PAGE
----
Federal Court Dismisses NEPA Challenge to Offshore Wind Lease
The U.S. District Court for the District of Columbia recently dismissed an Administrative Procedure Act (“APA”) litigation filed by the Fisheries Survival Fund and other commercial fishing interests related to the U.S. Bureau of Ocean Management’s (“BOEM’s”) first lease auction for a wind energy area offshore of New York State. The Plaintiffs alleged that BOEM’s lease process had violated the National Environmental Policy Act (“NEPA”) and the Ocean Continental Shelf Lands Act (“OCSLA”).
Plaintiffs initially sought a preliminary injunction to prevent a December 2016 lease auction and subsequent execution of a lease, alleging that BOEM had failed to adequately analyze the environmental impacts of the proposed wind farm under NEPA and failed to adequately protect fishing interests in violation of the OCSLA. The auction proceeded after the parties reached a partial settlement, and Statoil Wind US LLC (“Statoil,” now known as Equinor) emerged as the highest bidder for the right to develop the nearly-80,000 acre lease area.
BOEM’s multi-staged, multi-year lease process for offshore wind energy areas requires numerous area studies and public participation, with the goal of identifying and minimizing potential adverse impacts. Initially, BOEM issues a Call for Information and Nominations, completes an Area Identification process, and publishes a Proposed Sale Notice and then a Final Sale Notice. For the Statoil lease, BOEM completed an environmental assessment that concluded that there would be no significant adverse environmental impact caused by the lease issuance and related activities within the area. But the initial lease—which was at issue in this litigation—only grants Statoil an exclusive right to conduct site characterization activities and, within one year of lease issuance, to propose a Site Assessment Plan (“SAP”). BOEM then will evaluate and determine whether to approve the SAP, after which Statoil must conduct further surveys and wind evaluations, subsequent to which Statoil has five years to propose a Construction and Operation Plan (“COP”). Only then—when Statoil has put forward a specific wind farm proposal for BOEM to consider—would BOEM prepare an environmental impact statement (“EIS”), requiring the solicitation of public comments. Until that process is complete, Statoil cannot commence construction.
Earlier this year, the court rejected plaintiffs’ attempt to obtain a preliminary injunction enjoining BOEM’s entry into the lease. Plaintiffs argued that even though construction of a Statoil wind farm in the lease area is years away and requires additional environmental review and approvals, the very issuance of the lease and Statoil’s significant financial investments would give Statoil increased property rights in the lease area. In February 2017, the court agreed with BOEM that plaintiffs’ concerns did not pose an imminent harm. The Statoil lease was executed soon after.
Then, in September 2017, plaintiffs moved for summary judgment and declaratory and injunctive relief based on similar arguments. Plaintiffs alleged NEPA violations based on alleged improper segmentation of the initial lease from the ultimate wind farm development, resulting in BOEM’s failure to prepare an EIS for the construction of a wind farm, and BOEM’s purported failure to consider a reasonable range of alternatives. Plaintiffs also alleged OCSLA violations based on BOEM’s alleged failure to consider relevant factors in site selection before moving forward with the lease issuance, and alleged that BOEM’s regulations exceeded its authority under the OCSLA. In essence, plaintiffs took issue with BOEM’s multi-staged leasing process, which deferred a NEPA analysis on the construction of a wind farm until Statoil proposes a specific project and submits a COP.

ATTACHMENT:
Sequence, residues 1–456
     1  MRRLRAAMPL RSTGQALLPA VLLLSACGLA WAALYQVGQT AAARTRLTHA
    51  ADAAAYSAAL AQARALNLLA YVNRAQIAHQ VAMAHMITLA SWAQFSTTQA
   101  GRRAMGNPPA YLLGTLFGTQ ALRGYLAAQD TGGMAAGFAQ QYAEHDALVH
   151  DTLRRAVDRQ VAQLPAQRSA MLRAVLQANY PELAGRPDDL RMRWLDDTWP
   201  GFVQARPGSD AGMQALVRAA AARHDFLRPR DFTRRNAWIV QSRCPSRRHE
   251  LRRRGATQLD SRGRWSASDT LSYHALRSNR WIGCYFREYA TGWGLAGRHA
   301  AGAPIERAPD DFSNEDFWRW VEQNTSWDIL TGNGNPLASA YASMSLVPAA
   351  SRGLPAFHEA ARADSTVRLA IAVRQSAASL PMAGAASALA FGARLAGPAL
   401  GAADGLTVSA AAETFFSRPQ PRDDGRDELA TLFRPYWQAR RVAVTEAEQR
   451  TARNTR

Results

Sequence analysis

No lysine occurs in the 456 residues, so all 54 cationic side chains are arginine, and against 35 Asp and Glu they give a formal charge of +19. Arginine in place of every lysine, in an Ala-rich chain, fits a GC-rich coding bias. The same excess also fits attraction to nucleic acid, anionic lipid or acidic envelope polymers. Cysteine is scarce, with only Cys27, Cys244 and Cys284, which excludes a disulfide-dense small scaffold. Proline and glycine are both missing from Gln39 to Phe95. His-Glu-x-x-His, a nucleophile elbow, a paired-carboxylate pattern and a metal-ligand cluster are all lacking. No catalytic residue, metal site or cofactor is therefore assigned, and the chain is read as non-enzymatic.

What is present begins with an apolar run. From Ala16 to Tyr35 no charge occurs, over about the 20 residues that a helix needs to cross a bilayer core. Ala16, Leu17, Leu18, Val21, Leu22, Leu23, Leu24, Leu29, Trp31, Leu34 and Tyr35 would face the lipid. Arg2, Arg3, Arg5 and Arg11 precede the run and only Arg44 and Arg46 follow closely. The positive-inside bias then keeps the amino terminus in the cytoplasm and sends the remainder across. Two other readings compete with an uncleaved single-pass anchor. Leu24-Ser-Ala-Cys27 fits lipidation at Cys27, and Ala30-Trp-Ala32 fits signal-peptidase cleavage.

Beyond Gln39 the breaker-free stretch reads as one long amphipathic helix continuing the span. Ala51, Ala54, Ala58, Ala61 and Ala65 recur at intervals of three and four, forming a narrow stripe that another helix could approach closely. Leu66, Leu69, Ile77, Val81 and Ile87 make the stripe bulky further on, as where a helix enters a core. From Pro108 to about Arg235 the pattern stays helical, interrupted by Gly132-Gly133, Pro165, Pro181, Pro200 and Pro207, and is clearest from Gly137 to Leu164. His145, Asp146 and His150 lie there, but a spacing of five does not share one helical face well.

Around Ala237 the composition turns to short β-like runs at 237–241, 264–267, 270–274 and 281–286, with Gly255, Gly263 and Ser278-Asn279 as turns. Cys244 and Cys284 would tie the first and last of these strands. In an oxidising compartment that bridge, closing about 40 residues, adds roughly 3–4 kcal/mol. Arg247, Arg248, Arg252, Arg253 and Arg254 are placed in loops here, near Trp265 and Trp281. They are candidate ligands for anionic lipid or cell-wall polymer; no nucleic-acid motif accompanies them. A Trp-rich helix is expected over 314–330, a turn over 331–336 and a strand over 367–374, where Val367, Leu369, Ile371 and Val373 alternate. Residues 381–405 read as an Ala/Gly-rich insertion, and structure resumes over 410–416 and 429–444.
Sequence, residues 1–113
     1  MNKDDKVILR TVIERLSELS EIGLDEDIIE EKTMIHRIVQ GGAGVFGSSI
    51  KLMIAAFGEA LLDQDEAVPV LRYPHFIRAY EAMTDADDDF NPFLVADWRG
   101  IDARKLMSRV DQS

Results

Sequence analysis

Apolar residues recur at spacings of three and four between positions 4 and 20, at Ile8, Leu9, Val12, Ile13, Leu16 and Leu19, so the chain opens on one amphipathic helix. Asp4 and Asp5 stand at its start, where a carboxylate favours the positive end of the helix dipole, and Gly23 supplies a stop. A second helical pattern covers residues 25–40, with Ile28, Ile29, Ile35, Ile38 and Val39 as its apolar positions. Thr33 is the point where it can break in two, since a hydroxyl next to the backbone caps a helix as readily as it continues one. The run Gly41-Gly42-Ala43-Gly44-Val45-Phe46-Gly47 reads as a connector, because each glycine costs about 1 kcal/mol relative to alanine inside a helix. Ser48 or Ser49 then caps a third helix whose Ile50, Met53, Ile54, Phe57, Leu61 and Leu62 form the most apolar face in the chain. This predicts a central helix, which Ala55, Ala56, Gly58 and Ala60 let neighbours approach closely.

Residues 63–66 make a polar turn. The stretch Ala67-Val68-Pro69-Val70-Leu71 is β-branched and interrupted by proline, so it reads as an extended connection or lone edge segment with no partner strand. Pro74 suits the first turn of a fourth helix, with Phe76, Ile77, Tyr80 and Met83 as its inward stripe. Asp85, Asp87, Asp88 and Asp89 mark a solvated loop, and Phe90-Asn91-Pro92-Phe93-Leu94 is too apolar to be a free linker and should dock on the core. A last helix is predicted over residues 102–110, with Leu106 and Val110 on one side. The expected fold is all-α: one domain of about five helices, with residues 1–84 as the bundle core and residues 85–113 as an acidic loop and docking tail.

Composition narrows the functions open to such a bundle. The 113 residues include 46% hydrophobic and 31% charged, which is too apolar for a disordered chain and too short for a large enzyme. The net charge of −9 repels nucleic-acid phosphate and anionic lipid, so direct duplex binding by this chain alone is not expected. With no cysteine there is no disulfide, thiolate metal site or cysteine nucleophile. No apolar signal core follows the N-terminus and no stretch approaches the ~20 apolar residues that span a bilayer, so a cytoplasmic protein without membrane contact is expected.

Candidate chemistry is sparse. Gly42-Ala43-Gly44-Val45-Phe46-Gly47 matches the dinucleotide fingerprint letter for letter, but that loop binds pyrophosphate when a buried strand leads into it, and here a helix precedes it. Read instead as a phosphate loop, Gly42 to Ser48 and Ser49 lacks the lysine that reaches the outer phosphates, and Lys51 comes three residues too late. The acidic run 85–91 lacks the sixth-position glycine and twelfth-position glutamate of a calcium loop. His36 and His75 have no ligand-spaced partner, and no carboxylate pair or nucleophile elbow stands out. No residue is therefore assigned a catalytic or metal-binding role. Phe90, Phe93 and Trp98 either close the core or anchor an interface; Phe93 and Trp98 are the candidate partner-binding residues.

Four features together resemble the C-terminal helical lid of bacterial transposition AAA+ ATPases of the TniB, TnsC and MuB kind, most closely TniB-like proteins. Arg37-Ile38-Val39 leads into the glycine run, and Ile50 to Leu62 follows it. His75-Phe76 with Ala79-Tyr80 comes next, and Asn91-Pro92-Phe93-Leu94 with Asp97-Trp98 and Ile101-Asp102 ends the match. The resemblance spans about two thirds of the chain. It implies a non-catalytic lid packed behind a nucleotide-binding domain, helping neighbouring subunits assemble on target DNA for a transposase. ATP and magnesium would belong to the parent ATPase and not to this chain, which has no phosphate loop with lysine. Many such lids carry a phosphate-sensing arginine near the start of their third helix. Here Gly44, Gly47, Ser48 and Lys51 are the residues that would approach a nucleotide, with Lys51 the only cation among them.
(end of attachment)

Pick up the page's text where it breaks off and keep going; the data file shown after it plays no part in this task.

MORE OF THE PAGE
In their cross-motion, BOEM and Statoil challenged the plaintiffs’ standing, argued that plaintiffs’ NEPA challenge was premature and that the comprehensive NEPA analysis plaintiffs demanded would happen at the COP stage—but that at the leasing stage, such an analysis would be speculative. Statoil and BOEM further argued that BOEM had considered relevant factors through stakeholder meetings and public comment, that BOEM’s analysis of potential alternatives was adequate, and that further the OCSLA claims were procedurally barred for noncompliance with the statute’s 60-day notice period.
In its decision dated September 30, 2018, the District Court found that the plaintiffs had standing because their use of the lease area provide them with a sufficiently-concrete and particularized interest. However, the court dismissed plaintiffs’ NEPA claims. The court reasoned that “[a]n agency’s NEPA obligations mature only once it reaches a critical stage of a decision which will result in irreversible and irretrievable commitments of resources to an action that will affect the environment,” and that caselaw involving multi-staged leasing programs indicated that an agency reached this stage when it “no longer retain[s] the authority to preclude all surface disturbing activities subsequent to issuance [of the] lease.” (Slip Op. at 15, internal quotation marks omitted.) Because the leasing process dictates that Statoil ultimately will need to submit a SAP and then a COP, BOEM retains authority to preclude construction activity in the leased area, and the lease could not constitute an “irreversible and irretrievable commitment of resources” at this time.
The court further found that plaintiffs’ OCSLA claims were procedurally barred for failure to comply with the notice period.
We expect BOEM to make a determination on Statoil’s SAP in the coming months.